You’ve frequently worked with both François Ozon and the Dardenne brothers. Is it a matter of connecting with a director whose style you appreciate, and is there a style of working that you prefer?
JR: I love to do different things. I would be bored working all the time with the Dardenne brothers – although I love them – and the same goes for the other directors I’ve worked with. I love versatility in my profession and I need to be free to be versatile.
Did you find the internal nature of your character’s struggle difficult to convey? There’s a lot of information that must be provided without actually being said.
JR: That’s the magic of cinema. Sometimes you, as a viewer, have the feeling that you share the same emotion as a character, while myself, playing the character in that moment, I was thinking what I was going to eat for dinner. Of course, to fill in, to nourish, to feed the character, we talked about many things, but then a lot of the things we have not shared or said to each other went into the character as well that are, for instance, what I felt for Laurent, my character, on a personal level. It’s what I put about myself in that character in terms of experiences, and also in terms of my own sensitivities, and how I was going to fill in those silences. It’s sort of the magic of the relationship that an actor builds with their character. We were also helped by the fact that we shot with full continuity, in chronological order, and that helped with building the character as well.
Has your work been affected by the pandemic, and what are your hopes for cinema when things return to some sense of normality?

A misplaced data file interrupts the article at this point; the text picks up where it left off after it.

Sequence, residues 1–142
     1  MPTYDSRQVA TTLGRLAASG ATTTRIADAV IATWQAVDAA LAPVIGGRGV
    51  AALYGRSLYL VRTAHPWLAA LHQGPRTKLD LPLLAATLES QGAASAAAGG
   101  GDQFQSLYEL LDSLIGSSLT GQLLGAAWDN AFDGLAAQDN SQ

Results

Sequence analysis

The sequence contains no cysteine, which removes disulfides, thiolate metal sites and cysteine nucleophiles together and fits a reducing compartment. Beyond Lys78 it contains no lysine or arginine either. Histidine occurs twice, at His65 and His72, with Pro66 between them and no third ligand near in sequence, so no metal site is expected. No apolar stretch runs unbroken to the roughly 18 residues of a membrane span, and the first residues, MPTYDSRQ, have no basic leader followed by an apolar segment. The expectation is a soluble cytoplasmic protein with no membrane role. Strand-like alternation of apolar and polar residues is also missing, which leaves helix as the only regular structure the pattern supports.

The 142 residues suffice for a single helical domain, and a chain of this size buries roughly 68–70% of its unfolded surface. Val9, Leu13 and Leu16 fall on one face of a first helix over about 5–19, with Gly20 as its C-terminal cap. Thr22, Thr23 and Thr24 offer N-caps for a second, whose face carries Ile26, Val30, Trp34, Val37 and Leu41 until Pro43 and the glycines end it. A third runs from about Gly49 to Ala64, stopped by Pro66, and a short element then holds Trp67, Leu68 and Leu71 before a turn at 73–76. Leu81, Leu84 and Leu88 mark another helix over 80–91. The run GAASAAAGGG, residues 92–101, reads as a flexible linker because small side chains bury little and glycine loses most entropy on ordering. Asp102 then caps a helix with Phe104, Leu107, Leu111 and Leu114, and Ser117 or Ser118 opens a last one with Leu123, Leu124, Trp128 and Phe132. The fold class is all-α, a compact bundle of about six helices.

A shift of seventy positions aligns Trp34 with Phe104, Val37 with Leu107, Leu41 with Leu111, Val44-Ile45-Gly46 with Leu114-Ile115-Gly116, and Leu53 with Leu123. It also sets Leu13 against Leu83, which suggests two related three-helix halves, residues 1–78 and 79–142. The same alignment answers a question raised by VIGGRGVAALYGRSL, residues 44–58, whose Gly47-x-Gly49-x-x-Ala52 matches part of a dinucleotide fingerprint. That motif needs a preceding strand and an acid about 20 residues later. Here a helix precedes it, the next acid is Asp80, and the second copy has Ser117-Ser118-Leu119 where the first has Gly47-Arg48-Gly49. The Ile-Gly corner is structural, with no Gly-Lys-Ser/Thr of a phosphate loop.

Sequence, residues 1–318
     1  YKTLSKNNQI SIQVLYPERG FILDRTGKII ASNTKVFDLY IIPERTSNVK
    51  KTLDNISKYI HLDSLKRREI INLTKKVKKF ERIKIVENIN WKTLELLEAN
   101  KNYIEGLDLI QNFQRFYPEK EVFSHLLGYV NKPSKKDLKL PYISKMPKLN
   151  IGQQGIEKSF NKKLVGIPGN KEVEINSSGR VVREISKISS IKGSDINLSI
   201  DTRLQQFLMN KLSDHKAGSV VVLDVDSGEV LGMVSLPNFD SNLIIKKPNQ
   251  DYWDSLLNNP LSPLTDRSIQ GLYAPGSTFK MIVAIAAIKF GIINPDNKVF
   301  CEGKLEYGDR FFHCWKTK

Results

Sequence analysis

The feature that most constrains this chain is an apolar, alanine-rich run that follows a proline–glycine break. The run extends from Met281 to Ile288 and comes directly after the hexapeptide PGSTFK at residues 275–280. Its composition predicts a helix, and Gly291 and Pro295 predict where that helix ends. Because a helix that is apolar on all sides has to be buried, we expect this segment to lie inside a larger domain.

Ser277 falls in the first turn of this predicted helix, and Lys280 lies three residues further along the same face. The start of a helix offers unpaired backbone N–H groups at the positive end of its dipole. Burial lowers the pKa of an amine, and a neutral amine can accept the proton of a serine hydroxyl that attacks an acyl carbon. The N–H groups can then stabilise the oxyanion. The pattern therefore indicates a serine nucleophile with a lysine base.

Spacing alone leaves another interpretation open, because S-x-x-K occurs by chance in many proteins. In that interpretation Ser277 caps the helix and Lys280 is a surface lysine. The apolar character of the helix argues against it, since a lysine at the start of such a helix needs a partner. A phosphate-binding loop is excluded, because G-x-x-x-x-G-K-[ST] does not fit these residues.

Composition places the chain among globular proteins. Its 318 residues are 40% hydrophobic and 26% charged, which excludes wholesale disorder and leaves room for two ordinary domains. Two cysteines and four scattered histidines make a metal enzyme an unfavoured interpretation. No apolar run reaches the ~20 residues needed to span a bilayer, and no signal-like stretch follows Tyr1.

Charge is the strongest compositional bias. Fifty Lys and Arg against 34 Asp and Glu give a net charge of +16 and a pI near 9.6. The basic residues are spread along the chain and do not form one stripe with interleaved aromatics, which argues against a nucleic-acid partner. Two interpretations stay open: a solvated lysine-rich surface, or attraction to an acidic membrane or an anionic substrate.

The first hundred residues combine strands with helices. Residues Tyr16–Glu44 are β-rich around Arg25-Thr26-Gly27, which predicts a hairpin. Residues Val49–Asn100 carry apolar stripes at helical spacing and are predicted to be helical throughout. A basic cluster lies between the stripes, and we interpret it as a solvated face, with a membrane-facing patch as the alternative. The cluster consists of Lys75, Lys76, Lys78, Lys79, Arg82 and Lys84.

JR: I was lucky enough not to suffer in my work. Of course, I had to stop, as did everyone else, but I managed to continue. At present, I’m focussing on a film that I plan to direct this year, so every time I stop, I have the opportunity to focus on that. But in France, the system – the economic system – is designed in such a way that we were allowed to continue. The shoots continued, and the problem is that now there are so many films that are ready and waiting to be released. I myself have five films as an actor that are waiting to be released, and this sort of over availability of films that are ready – this sort of bottleneck that we risk – will probably have an impact on the system that was present until recently, and which will probably need to change, which is interesting. We have to find solutions to these different situations that present themselves. We have a system designed with specific tools for a specific reality that has now changed. We want to do what is best depending on the situation and we have learned in this past year that everything can change, and we can only live by basing ourselves on daily life. We can’t foresee what will happen in future.
You talked about shooting the film in chronological order, which means that you spent a great deal of time alone on a yacht during the shoot. How much realism was used when putting these scenes together?
JR: Everything was very real. Xavier Beauvois is very keen on being realistic and having that on all levels in terms of props on the set. So I had to spend one month with a coach, learning how to sail, which is something I didn’t know how to do. Everything that you see on the boat is me in the Northern Sea and the Atlantic – even the scene with the storm is real. We had to stop for 24 hours because I fainted due to hypothermia – just to give you an idea of the level of realism. But I learned to sail and I fell in love with sailing. It’s been a thrilling part of the shoot. It was very physically demanding, in a very particular way, and I loved doing it.
Drift Away (Albatros) does not have a UK release date yet.
Read our review of Drift Away (Albatros) here.
Read more reviews from our Berlin Film Festival 2021 coverage here.
For further information about the event visit the Berlin Film Festival website here.
Watch the trailer for Drift Away (Albatros) here: